Esophageal foreign body obstruction caused by a dental chew treat in 31 dogs (2000–2006)

Michael S. Leib Virginia-Maryland Regional College of Veterinary Medicine, Virginia Tech, Blacksburg, VA 24061

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 DVM, MS, DACVIM
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Laura Lee Sartor Small Animal Internal Medicine, Oradell Animal Hospital Inc, 580 Winters Ave, Paramus, NJ 07652

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 DVM, DACVIM

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Abstract

Objective—To evaluate the signalment, clinical signs, diagnosis, treatment, and outcome associated with esophageal obstruction caused by a dental chew treat in dogs.

Design—Retrospective case series.

Animals—31 dogs.

Procedures—Medical records were contributed from 19 hospitals via responses to a questionnaire that was developed for veterinarians who managed the cases.

Results—Esophageal obstructions with the dental chew treat occurred primarily in small dogs (26/31 [83.9%]). The most common clinical signs were gagging, regurgitation, vomiting, anorexia, and lethargy. Diagnosis was usually made via survey thoracic radiography. Obstructions were most commonly located in the distal portion of the esophagus (23/31; 74.2%). Esophageal lesions were moderate or severe in 86.7% (26/30) of the dogs. Orad endoscopic removal of the foreign bodies was uncommon (8/31 [25.8%]); most were pushed into the stomach. Thoracotomy was necessary in 6 dogs. Esophageal strictures developed in 6 of 25 (24%) dogs that survived initial hospitalization. Overall mortality rate was 25.8%.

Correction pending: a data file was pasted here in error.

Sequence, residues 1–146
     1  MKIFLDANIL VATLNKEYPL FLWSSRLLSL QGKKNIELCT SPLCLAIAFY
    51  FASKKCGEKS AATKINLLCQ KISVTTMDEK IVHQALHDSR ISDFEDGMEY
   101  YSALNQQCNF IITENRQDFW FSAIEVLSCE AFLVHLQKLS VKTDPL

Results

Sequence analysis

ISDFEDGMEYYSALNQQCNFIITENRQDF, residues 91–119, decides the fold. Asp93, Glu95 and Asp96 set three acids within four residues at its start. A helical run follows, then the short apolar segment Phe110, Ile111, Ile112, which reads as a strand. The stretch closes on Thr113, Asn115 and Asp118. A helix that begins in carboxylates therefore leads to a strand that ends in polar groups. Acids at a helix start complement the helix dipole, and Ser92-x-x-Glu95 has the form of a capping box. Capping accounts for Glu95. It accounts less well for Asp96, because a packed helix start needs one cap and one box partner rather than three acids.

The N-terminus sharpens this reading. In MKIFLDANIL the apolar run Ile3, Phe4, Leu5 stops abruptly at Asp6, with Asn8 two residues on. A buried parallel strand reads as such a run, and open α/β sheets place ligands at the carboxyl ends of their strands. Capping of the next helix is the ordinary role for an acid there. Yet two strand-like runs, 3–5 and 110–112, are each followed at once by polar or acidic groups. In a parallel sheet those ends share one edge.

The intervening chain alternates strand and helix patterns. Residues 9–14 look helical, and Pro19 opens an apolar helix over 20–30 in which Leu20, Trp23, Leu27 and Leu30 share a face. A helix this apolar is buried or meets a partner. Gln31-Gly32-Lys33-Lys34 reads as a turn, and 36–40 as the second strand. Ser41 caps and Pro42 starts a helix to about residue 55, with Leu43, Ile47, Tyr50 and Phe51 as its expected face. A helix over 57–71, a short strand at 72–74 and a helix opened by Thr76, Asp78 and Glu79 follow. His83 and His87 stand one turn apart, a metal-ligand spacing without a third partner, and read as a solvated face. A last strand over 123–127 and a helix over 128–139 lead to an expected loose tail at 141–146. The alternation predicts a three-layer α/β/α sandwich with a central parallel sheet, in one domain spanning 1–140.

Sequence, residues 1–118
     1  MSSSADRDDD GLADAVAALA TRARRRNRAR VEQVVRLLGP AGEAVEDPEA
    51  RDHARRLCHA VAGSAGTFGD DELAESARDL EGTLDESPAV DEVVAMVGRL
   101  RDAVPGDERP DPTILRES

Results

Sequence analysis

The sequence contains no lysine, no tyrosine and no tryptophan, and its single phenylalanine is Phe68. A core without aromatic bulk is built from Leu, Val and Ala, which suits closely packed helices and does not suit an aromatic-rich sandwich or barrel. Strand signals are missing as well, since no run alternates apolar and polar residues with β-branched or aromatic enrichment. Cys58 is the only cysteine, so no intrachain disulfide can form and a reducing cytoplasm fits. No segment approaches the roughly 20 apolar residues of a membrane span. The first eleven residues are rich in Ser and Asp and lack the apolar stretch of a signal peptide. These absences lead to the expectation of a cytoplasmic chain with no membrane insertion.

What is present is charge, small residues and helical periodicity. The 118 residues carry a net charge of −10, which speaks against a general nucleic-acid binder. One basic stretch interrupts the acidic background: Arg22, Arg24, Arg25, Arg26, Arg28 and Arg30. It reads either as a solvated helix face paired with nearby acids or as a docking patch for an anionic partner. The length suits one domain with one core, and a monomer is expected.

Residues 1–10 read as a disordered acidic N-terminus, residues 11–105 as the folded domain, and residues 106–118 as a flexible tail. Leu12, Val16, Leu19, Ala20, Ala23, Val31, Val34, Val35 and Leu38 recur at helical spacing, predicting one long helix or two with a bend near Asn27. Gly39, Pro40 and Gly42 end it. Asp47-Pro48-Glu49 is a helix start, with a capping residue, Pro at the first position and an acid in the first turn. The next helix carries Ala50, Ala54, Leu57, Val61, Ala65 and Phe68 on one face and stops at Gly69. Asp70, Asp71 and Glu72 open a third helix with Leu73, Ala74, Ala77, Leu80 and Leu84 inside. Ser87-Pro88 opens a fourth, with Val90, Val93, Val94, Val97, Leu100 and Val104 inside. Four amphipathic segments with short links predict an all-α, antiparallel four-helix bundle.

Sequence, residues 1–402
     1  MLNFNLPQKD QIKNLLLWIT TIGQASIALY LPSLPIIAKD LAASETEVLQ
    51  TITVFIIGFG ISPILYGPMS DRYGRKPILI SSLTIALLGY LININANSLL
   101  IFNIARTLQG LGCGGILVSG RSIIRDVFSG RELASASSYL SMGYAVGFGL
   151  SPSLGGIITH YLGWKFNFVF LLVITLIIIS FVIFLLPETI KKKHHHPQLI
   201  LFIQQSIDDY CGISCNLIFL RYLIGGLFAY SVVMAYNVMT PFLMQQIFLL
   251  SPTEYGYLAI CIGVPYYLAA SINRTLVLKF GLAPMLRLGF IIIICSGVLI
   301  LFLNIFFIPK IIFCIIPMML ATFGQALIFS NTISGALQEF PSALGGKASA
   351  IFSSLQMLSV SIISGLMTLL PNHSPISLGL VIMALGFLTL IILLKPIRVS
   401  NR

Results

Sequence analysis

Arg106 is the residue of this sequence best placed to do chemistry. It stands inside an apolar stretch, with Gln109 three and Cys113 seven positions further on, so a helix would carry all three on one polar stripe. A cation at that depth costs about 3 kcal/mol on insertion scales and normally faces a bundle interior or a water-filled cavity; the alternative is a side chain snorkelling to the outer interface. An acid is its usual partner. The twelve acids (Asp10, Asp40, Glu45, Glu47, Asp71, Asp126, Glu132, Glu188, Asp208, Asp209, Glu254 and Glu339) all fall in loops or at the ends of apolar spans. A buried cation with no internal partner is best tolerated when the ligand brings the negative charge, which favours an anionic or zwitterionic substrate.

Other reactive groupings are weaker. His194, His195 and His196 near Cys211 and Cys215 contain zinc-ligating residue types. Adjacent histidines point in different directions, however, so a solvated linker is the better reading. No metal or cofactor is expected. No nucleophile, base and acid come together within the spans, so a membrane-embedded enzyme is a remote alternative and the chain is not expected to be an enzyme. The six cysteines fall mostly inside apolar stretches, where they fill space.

Conclusions and Clinical Relevance—Esophageal obstructions with a dental chew treat were difficult to remove orally via endoscopy, resulted in moderate or severe esophageal damage, frequently were associated with stricture formation, and were associated with a high mortality rate.

Abstract

Objective—To evaluate the signalment, clinical signs, diagnosis, treatment, and outcome associated with esophageal obstruction caused by a dental chew treat in dogs.

Design—Retrospective case series.

Animals—31 dogs.

Procedures—Medical records were contributed from 19 hospitals via responses to a questionnaire that was developed for veterinarians who managed the cases.

Results—Esophageal obstructions with the dental chew treat occurred primarily in small dogs (26/31 [83.9%]). The most common clinical signs were gagging, regurgitation, vomiting, anorexia, and lethargy. Diagnosis was usually made via survey thoracic radiography. Obstructions were most commonly located in the distal portion of the esophagus (23/31; 74.2%). Esophageal lesions were moderate or severe in 86.7% (26/30) of the dogs. Orad endoscopic removal of the foreign bodies was uncommon (8/31 [25.8%]); most were pushed into the stomach. Thoracotomy was necessary in 6 dogs. Esophageal strictures developed in 6 of 25 (24%) dogs that survived initial hospitalization. Overall mortality rate was 25.8%.

Conclusions and Clinical Relevance—Esophageal obstructions with a dental chew treat were difficult to remove orally via endoscopy, resulted in moderate or severe esophageal damage, frequently were associated with stricture formation, and were associated with a high mortality rate.

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